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In strictu sensu an organic–inorganic hybrid material is a combination of organic and inorganic components related by chemical bonds. This concept includes a large variety of materials that can be classified accordingly to the:

Among the molecular hybrids linked by covalent bonds, of particular interest are those derived from sol–gel chemistry routes, because they are the most commonly used hybrids and therefore will occupy a large part of this chapter. The mixing of organic and inorganic components may bring special features to the resulting material in such a way that:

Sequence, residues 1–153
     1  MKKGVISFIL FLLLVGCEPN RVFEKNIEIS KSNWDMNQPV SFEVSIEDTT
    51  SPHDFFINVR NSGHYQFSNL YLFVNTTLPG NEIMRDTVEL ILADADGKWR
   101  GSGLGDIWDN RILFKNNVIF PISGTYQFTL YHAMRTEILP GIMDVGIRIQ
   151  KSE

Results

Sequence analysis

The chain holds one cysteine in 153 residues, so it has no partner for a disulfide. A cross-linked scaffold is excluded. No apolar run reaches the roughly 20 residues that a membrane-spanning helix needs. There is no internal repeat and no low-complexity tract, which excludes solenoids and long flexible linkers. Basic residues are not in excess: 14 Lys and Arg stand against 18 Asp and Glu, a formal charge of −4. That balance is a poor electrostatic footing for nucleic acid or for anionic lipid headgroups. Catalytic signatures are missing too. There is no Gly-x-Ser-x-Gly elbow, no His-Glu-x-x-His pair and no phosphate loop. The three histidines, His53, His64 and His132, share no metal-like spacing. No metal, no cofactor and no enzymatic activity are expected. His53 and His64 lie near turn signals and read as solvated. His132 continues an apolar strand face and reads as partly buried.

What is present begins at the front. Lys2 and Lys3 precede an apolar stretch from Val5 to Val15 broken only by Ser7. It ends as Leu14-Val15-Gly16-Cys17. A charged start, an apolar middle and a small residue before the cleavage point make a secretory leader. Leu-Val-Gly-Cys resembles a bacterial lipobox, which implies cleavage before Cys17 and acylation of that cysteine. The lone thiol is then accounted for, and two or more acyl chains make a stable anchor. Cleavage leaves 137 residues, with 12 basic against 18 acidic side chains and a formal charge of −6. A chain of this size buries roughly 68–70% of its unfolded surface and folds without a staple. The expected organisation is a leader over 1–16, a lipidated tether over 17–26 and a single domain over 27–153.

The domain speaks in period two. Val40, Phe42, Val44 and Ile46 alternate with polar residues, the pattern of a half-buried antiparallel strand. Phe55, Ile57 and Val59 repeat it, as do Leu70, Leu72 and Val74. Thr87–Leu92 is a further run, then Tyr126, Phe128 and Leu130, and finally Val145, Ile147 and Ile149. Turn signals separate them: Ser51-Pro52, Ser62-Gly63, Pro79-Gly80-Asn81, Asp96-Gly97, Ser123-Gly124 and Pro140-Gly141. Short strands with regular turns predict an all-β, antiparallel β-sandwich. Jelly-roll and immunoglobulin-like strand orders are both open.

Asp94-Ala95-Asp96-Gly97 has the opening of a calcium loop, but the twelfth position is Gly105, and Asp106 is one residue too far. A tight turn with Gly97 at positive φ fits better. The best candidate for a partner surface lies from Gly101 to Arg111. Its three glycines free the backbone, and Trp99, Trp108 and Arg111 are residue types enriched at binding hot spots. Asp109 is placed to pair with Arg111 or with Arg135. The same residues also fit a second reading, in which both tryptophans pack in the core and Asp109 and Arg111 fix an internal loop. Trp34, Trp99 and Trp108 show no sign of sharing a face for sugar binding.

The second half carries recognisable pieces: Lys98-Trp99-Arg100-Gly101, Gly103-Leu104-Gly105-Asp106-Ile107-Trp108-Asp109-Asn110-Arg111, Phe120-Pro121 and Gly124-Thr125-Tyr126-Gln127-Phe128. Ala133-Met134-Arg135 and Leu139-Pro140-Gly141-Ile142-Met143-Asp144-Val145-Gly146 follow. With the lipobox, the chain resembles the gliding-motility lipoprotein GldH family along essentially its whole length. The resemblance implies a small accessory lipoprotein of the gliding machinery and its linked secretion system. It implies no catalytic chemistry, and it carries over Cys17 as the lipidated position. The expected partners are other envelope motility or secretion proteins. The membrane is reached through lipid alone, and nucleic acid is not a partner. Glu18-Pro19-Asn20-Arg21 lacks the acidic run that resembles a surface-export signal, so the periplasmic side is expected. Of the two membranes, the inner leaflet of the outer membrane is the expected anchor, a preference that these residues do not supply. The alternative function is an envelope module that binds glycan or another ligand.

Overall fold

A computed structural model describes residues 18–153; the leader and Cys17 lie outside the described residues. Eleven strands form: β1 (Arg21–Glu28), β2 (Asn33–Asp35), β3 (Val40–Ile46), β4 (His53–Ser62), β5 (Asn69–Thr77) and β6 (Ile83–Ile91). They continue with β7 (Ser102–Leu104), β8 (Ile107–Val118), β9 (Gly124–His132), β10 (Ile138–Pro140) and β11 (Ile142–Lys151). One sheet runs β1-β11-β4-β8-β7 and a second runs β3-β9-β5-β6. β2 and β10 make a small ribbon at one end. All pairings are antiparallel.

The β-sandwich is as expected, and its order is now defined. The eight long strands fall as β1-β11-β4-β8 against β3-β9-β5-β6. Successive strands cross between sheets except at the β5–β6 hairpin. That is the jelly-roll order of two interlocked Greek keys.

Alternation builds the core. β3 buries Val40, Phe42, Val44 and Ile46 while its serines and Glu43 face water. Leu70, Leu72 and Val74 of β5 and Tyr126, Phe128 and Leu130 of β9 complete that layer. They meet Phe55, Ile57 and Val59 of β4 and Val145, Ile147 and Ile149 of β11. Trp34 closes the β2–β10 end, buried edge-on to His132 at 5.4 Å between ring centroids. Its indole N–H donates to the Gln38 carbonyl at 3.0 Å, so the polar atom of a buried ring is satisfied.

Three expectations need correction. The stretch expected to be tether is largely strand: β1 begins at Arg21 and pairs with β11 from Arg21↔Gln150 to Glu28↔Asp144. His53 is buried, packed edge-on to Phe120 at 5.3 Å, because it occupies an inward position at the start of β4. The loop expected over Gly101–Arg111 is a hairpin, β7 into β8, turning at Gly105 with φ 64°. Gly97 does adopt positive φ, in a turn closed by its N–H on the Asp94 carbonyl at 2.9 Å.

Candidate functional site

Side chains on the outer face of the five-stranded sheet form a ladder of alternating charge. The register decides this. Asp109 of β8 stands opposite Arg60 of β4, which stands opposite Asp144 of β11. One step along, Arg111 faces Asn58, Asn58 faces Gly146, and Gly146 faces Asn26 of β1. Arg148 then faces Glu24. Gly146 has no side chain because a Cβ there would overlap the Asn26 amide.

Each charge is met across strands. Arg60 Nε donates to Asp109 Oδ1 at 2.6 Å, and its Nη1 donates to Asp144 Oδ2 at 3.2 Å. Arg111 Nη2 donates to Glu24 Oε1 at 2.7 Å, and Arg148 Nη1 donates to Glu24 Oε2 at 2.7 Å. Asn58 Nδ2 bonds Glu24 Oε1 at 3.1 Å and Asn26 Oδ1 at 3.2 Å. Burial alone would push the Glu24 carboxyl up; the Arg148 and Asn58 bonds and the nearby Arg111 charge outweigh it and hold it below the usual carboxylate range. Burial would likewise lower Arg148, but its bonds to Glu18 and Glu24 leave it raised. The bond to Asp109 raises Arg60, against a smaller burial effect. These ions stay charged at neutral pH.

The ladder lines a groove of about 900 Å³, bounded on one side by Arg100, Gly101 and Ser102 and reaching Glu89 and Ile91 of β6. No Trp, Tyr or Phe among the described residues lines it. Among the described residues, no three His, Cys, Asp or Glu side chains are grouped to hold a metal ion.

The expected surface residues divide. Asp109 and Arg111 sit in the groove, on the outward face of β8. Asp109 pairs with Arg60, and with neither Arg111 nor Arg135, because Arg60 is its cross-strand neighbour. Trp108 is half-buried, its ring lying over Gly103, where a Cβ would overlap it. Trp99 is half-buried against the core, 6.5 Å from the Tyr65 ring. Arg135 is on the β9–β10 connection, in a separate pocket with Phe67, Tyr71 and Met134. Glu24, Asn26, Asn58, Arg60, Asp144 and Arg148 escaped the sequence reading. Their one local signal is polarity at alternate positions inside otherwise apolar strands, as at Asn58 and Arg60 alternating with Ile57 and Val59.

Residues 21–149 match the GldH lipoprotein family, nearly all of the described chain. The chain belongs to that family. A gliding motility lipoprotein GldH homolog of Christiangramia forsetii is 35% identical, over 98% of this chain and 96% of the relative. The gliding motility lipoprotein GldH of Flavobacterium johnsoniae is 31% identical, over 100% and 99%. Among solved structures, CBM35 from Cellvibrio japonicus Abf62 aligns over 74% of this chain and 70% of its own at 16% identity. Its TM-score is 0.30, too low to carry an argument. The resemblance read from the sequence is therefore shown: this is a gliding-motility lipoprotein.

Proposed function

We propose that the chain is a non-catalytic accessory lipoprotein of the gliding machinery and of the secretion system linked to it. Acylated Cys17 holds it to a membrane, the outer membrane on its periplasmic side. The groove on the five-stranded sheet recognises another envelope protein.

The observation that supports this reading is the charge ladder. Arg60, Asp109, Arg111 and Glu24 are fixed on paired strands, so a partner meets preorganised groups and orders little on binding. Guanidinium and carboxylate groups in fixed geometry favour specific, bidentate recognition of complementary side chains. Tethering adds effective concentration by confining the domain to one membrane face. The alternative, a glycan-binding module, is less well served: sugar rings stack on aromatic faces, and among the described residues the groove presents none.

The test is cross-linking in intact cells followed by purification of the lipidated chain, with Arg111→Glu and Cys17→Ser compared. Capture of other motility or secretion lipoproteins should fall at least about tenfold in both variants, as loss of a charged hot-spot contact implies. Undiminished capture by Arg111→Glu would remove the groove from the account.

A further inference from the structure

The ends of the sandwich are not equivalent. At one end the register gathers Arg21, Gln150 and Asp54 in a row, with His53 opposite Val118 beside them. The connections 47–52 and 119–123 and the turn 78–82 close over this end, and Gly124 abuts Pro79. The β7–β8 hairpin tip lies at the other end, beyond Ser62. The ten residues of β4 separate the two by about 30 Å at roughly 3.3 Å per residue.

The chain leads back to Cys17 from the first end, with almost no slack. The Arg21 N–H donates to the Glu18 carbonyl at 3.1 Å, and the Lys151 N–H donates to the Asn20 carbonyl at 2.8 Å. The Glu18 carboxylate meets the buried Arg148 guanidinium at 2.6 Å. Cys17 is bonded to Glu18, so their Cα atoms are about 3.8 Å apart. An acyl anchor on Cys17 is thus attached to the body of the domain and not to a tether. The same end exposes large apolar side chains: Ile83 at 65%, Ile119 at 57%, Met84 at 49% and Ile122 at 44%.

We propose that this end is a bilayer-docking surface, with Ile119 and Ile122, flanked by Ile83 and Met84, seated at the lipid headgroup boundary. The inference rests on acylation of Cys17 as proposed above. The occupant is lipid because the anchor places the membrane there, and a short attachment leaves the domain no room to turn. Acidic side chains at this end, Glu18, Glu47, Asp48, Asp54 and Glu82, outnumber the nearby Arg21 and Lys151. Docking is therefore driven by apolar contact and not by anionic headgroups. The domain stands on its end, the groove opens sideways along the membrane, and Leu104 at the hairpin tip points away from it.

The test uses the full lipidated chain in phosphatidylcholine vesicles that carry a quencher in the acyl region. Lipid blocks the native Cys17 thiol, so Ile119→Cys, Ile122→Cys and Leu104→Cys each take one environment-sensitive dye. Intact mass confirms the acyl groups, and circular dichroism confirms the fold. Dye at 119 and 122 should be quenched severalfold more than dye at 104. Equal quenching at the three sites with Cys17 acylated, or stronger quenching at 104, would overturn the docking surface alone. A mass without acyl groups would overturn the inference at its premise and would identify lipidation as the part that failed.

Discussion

The characteristics of organic–inorganic hybrids can be very useful in the design of thermometric systems. Their excellent mechanical properties and processability make them suitable as hosts for luminescent organic and inorganic thermometric probes (e.g., organic dyes, semiconductor quantum dots (QDs) and tri-valent lanthanide ions, Ln3+). The combination of organic and inorganic compounds can also give rise to cooperative effects resulting in an enhancement of the thermometric efficiency, relative to that of the organic or inorganic thermometric probes alone. For instance in inorganic optical thermometers, combination with organic antennas can improve their quantum efficiency. Moreover, new thermometric systems can be designed based on the synergies between organic and inorganic components.1–6 

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